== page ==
A consortium of reinsurers had tried, unsuccessfully, to trace funds owned by the Syrian state and its agents. The funds are frozen as a result of sanctions, and if the reinsurers could locate them, they would ask the Government to release an amount to satisfy a judgement in their favour, as is permitted by the relevant law.
The reinsurers believe Treasury knows where the funds are, but Treasury says it is not permitted to reveal this information to them. The reinsurers, having obtained judgment, believe the assets were frozen in the UK, and made an FOIA request to Treasury. Treasury refused the request. The relevant Regulations (in common with other sanctions legislation), state that information which would “facilitate compliance with this Regulation” must be provided to Treasury. Treasury said that the information it receives must be used only for the purposes for which it was provided or received, and that “facilitating compliance” with the Regulation does not include facilitating a request for release of funds to a judgement creditor.The claimants complained to the ICO, which dismissed the complaint, sharing Treasury’s view on the grounds for refusal. The claimants then brought a further request, offering confidentiality undertakings around the use of the information sought. Treasury refused the request.
The claimants then approached HSBC for help, believing HSBC may have had some information which would have been helpful, and obtained an order for require HSBC to help when it refused to do so. HSBC subsequently found nothing of help.
The reinsurers brought the matter to court. They made a number of claims, of which the relevant one was that Treasury had misconstrued the Regulation. The parties agreed that, because the relevant law is essentially an EU instrument, a purposive interpretation is appropriate. The claimants said that in passing on the information they requested, Treasury would be facilitating compliance with the Regulation, because this would help it to decide a request to release funds as permitted by the Regulation. They argued that the restriction cannot sensibly prevent any other use of the information as, for instance, information provided about a loan could not then be used to identify relevant bank accounts – and this would hamper compliance. They said that given Treasury accepted that it could use the relevant information to decide whether to release funds, it could surely provide that information to the claimants. Treasury’s contrary argument focussed on the need for privacy.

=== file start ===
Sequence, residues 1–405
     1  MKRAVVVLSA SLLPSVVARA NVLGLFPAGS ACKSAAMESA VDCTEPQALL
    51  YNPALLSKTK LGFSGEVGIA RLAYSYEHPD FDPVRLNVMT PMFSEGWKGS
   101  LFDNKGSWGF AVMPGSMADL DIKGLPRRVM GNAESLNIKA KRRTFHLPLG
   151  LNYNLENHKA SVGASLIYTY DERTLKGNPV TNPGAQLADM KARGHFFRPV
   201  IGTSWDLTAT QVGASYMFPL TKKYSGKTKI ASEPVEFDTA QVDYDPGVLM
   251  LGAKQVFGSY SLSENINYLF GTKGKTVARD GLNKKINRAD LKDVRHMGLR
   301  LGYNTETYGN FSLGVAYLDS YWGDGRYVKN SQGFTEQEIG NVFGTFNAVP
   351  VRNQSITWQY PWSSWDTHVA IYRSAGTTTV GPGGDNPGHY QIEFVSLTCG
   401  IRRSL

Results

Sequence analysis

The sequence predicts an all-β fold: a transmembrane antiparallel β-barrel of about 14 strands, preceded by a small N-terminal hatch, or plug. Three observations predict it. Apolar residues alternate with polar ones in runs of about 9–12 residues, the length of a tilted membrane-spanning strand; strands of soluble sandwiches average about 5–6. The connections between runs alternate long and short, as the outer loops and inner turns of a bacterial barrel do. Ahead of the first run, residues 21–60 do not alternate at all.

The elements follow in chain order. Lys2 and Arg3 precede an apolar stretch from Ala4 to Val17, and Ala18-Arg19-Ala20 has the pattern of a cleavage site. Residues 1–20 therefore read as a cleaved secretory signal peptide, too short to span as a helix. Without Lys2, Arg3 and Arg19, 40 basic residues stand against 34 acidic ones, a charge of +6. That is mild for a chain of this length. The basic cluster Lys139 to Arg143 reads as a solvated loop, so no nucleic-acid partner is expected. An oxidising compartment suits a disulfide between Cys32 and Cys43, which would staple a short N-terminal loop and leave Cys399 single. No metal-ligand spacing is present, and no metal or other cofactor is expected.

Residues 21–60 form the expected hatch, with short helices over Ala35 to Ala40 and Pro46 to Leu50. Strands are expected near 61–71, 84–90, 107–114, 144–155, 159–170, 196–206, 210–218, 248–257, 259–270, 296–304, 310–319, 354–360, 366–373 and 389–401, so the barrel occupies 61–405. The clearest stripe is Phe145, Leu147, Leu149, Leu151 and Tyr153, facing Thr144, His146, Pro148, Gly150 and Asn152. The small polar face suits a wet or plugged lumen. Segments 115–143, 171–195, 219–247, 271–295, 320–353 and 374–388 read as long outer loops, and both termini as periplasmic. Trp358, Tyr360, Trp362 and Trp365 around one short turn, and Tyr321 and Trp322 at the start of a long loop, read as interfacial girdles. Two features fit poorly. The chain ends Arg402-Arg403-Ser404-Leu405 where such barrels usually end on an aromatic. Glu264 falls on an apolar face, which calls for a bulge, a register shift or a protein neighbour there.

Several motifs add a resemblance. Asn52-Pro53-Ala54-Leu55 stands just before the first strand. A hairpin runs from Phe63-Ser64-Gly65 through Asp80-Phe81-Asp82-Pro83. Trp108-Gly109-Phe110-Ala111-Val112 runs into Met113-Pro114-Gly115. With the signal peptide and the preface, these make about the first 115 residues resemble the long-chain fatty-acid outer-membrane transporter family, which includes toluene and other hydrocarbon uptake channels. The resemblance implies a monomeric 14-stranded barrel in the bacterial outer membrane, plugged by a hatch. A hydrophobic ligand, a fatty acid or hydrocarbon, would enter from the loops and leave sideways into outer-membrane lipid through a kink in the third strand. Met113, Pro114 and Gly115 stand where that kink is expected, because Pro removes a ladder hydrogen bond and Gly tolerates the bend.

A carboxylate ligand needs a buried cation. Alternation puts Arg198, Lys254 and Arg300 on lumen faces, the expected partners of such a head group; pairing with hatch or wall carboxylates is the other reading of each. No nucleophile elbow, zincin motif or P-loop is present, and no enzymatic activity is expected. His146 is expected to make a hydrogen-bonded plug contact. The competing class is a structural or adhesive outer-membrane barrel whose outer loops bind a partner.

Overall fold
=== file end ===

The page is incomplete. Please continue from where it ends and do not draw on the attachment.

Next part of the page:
The Court held that the starting point should be to recognise the purpose of the Regulations is to make life difficult for those engaged in repressive practices; and that the Regulations comprise sharp edged punitive measures, tempered by exceptions and derogation to moderate their impact. The judge saw no good reason that the Regulations should not achieve a balance between the two. On a basic level, innocent people should not suffer unnecessarily – hence it could not be an appropriate interpretation to deny humanitarian reliefs. He went on to say that, while commercial reinsurers would appear to be an unlikely category of innocent civilian victim, they are not conceptually in a different position to civilians deprived of supplies, although of course suffer a lesser hardship.
On that basis, the Court did not accept Treasury’s view of the construction of the relevant provision. Nor did it find compelling Treasury’s arguments on the “purpose” of provision of the information. It found that rights to privacy, secrecy and data protection would be adequately safeguarded.
As a result, the Court found that Treasury has the power to provide the information the claimants requested and that the Regulation did not prevent it from doing so. The issue was remitted back to Treasury for reconsideration.